Why is this bad? Each round takes more and more money "printing" and lessens the share of each dollar on the dollar market. This lessening of dollar share hasn't led to price increases yet because the crisis also lead to a greater demand of dollars. Dollars were crucial to all of the liquidation and exchanging going on in the crisis. The problem is we are short changing all of the countries holding treasury securities who thought they were buying a larger share of future dollars. I think QE4 will cause countries to throw in the towel when it comes to buying securities. The treasury auctions are already falling and we are beginning a trade war with China. Why on earth would they keep buying our debt?!

I know I've kind of left the primary topic. I will probably move this section to a future post once it is ready, but the bottom line is this: Buy precious metals because the US Dollar and treasury securities are going down and the plummet will only increase in speed as the problems unravel.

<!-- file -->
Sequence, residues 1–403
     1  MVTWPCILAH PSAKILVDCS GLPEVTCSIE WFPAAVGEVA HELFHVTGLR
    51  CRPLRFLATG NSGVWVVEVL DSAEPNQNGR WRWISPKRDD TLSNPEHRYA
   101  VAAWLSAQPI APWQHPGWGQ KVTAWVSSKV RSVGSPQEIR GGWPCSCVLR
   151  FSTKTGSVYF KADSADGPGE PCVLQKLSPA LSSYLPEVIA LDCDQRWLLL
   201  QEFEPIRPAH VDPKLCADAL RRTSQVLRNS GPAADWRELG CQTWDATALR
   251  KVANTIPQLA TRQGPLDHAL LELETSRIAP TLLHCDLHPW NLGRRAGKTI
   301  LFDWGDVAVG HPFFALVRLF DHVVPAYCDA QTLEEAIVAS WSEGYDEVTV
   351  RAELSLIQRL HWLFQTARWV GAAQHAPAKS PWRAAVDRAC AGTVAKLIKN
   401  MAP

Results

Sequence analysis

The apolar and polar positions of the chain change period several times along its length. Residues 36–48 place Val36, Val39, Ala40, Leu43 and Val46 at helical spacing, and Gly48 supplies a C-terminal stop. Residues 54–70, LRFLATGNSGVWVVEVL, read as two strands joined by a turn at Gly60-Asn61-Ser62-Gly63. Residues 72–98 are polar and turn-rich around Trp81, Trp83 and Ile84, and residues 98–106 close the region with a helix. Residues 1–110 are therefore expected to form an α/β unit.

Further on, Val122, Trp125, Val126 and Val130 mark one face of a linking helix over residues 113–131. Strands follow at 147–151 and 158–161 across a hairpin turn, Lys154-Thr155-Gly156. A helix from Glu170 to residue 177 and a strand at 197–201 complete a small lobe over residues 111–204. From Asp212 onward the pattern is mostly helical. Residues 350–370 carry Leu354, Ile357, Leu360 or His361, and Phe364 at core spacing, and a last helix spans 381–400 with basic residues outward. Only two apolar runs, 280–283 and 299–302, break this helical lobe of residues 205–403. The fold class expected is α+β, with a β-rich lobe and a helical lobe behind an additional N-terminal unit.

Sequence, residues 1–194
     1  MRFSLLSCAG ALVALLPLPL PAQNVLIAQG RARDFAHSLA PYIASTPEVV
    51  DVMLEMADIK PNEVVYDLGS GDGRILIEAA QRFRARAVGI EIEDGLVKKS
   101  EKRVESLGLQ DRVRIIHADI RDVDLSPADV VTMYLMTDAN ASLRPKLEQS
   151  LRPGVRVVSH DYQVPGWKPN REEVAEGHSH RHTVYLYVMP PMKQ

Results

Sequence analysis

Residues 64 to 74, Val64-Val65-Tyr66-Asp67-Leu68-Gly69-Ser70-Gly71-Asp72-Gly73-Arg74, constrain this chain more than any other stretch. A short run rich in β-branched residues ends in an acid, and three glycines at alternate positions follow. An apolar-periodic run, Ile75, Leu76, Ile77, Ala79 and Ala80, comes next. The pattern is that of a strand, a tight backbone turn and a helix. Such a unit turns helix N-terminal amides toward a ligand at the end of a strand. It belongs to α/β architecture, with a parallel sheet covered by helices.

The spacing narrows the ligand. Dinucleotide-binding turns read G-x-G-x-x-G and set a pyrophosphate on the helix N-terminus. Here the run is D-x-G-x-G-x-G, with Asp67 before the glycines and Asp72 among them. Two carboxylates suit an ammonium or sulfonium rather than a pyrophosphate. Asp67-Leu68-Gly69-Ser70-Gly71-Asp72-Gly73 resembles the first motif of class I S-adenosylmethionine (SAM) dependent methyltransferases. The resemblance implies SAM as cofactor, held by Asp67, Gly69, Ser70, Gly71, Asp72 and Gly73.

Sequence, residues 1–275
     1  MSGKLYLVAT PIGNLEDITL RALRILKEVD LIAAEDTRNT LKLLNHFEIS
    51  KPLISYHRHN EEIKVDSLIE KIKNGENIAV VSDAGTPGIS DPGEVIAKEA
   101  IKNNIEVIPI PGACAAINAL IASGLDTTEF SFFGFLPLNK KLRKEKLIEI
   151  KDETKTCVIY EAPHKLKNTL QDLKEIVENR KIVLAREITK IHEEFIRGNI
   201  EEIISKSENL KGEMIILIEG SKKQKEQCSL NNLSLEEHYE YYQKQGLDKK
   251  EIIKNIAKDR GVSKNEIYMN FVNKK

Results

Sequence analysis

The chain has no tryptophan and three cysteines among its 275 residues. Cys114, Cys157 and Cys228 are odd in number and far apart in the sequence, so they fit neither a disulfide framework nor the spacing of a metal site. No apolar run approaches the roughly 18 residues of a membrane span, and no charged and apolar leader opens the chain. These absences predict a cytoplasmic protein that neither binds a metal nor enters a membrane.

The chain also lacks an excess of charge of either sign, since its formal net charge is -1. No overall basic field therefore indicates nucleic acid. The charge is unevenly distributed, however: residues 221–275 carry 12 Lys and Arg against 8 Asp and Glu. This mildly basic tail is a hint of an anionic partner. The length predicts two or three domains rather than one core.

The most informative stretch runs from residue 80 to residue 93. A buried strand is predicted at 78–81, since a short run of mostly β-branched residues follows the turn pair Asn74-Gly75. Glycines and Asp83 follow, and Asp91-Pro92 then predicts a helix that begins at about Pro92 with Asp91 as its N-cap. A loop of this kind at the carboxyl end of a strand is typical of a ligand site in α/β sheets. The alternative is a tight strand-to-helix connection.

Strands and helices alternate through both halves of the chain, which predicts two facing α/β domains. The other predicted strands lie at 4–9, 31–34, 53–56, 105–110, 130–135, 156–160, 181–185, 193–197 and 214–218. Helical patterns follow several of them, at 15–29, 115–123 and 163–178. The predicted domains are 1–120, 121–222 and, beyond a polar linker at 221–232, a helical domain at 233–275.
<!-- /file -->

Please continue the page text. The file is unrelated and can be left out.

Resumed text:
2. Jim Rickards’ “Ice-9” prediction (Road to Ruin) will be realized. There could come a day when the government will be forced to freeze all digital money except for a small amount for gas and groceries, much the same way as they have done in Greece. Even if the money never is seen again, or inflation happens to an extent that it isn’t worth anything when we get it back. Precious metals are individually and physically owned. They are a safety net when financial weapons are deployed. Precious metals will preserve.

Why 10%?
One question you might be asking: If you believe that much in gold and silver, why only 10%? One answer is I’ve seen a compelling prediction of a $10.000/oz price of gold. That's in today's dollars, so if there is major inflation, the number will be higher. This isn't some fudged Wall Street chart pattern prediction either. This is a mathematical analysis done by a world expert on currency wars and is based on the required non-deflationary price of gold. If we reach $10,000, your 10% would become about 100% and even if you loose everything else, you’re insured.

Why not more than 10%? Right now we are in a very difficult time for investing. According to John Keynes, we are in a depression which is highly deflationary. Companies are laying off workers (who in turn find part-time jobs, "creating" jobs on federal reports), individuals are deep in debt, and savings are at a record low. In times like this, short term opportunities are the way to go.